Our Land at War A Portrait of Rural Britain A rich account of the impact of the Second World War on the lives of people living in the farms and villages of Britain On the outbreak of war the countryside was invaded by service personnel and eva

  • Title: Our Land at War: A Portrait of Rural Britain 1939-45
  • Author: Duff Hart-Davis
  • ISBN: 9780007516537
  • Page: 375
  • Format: Hardcover
  • A rich account of the impact of the Second World War on the lives of people living in the farms and villages of Britain.On the outbreak of war, the countryside was invaded by service personnel and evacuee children by the thousand land was taken arbitrarily for airfields, training grounds and firing ranges, and whole communities were evicted Prisoner of war camps broughtA rich account of the impact of the Second World War on the lives of people living in the farms and villages of Britain.On the outbreak of war, the countryside was invaded by service personnel and evacuee children by the thousand land was taken arbitrarily for airfields, training grounds and firing ranges, and whole communities were evicted Prisoner of war camps brought captured enemy soldiers to close quarters, and as horses gave way to tractors and combines farmers were burdened with aggressive new restrictions on what they could and could not grow Land Girls and Lumber Jills worked in fields and forests Food or the lack of it was a major preoccupation and rationing strictly enforced And although rabbits were poached, apples scrumped and mushrooms gathered, there was still not enough to eat.Drawing from diaries, letters, books, official records and interviews, Duff Hart Davis revisits rural Britain to describe how ordinary people survived the war years He tells of houses turned over to military use such as Bletchley and RAF Medmenham as well as those that became schools, notably Chatsworth in Derbyshire.Combining both hardship and farce, the book examines the profound changes war brought to Britain s countryside from the Home Guard, struggling with the provision of ludicrous equipment, to the role of the XII Corps Observation Unit whose task was to enlarge rabbit warrens and badger setts into bunkers for harassing the enemy in the event of a German invasion to the unexpected tenderness shown by many to German and Italian prisoners of war at work on the land Fascinating, sad and at times hilarious, this warm hearted book tells great stories and casts new light on Britain during the war.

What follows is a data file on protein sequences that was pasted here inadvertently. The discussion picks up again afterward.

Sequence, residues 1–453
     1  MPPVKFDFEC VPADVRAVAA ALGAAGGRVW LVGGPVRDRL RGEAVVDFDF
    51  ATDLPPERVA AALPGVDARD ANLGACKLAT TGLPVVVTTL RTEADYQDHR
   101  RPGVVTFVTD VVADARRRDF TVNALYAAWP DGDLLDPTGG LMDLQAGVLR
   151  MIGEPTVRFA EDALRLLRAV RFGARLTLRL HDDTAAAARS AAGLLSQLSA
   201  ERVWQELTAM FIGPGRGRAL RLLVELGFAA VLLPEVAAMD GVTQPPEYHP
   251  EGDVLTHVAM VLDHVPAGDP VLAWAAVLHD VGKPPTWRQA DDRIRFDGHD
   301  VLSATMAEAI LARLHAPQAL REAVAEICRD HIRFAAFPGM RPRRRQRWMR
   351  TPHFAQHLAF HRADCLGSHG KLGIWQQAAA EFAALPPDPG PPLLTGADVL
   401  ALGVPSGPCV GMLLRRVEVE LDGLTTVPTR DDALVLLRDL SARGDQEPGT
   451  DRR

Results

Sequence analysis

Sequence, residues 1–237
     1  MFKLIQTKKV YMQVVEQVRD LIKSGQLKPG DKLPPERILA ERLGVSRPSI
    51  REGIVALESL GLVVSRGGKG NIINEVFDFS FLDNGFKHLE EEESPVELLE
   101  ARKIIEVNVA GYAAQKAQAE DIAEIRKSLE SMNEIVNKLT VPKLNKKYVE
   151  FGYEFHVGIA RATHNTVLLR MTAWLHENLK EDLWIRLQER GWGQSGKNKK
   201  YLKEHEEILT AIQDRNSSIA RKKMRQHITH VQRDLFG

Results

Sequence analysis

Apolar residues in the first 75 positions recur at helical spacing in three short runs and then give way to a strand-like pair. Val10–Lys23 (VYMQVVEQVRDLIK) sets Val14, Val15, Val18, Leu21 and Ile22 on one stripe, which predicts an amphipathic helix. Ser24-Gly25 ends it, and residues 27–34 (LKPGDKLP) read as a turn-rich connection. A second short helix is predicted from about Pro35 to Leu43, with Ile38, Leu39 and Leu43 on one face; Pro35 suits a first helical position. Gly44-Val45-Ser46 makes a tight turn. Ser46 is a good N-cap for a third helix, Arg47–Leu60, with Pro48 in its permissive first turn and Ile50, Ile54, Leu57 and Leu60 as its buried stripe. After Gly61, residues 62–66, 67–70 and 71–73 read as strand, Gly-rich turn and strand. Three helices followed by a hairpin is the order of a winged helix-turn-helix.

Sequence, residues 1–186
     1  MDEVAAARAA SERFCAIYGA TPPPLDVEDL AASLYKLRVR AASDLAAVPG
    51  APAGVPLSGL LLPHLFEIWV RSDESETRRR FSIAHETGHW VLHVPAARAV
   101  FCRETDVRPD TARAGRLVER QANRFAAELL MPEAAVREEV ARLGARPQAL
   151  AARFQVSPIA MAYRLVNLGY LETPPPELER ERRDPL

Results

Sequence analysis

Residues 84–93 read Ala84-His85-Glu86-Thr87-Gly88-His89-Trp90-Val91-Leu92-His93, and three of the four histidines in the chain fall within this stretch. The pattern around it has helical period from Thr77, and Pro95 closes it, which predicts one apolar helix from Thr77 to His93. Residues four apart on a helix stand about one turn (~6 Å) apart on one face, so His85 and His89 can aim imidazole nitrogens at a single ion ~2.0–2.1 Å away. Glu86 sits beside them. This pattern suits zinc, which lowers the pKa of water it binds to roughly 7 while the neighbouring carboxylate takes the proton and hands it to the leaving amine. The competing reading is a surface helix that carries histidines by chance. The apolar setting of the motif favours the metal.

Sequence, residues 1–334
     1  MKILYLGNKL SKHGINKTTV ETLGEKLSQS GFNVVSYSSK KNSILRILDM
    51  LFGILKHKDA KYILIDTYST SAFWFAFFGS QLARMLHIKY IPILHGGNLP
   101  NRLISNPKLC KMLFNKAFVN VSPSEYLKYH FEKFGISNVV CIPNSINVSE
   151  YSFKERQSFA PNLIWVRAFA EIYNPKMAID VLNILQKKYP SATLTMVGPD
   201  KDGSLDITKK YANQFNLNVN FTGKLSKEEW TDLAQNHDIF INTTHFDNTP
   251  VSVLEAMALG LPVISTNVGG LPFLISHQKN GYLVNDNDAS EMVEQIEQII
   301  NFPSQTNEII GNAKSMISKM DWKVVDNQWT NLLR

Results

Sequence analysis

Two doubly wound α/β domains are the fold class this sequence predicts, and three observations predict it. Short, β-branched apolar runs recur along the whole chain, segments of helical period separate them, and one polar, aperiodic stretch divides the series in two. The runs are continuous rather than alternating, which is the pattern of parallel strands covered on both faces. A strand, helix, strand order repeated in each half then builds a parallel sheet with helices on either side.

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      Published :2019-02-21T11:59:12+00:00

    One thought on “Our Land at War: A Portrait of Rural Britain 1939-45”

    1. 4.5Thoroughly enjoyed this book which describes life in rural England during World War 2. Each chapter covers a different aspect, for instance sport or how paintings were stored to prevent damage or how some of the great houses were utilised. I thought I knew a fair amount about this period but I learnt something new on every page.The writing is clear with just the right amount of quotes from original sources. It really does put you in the mind of the people who lived through this period with a [...]

    2. This is proving to be an invaluable resource for those tiny details on every day living in rural England in those years. I would have appreciated some issues to have been tackled with a little more depth - hence 4* rather than 5 but read over all it gives an excellent base from which to explore the various subjects at greater length.

    3. The Second World War irrevocably changed life in Britain in a multitude of ways, but none more so perhaps than the way it changed the very face of the countryside. Urban renewal is an inevitability across the centuries - buildings are torn down, re-built, refurbished, extended, torn down again - but the face of the British countryside had never been so drastically altered since the days of Enclosure. Parkland was put to plough, grassland dug up and devoted to new crops, vast swathes of forest cu [...]

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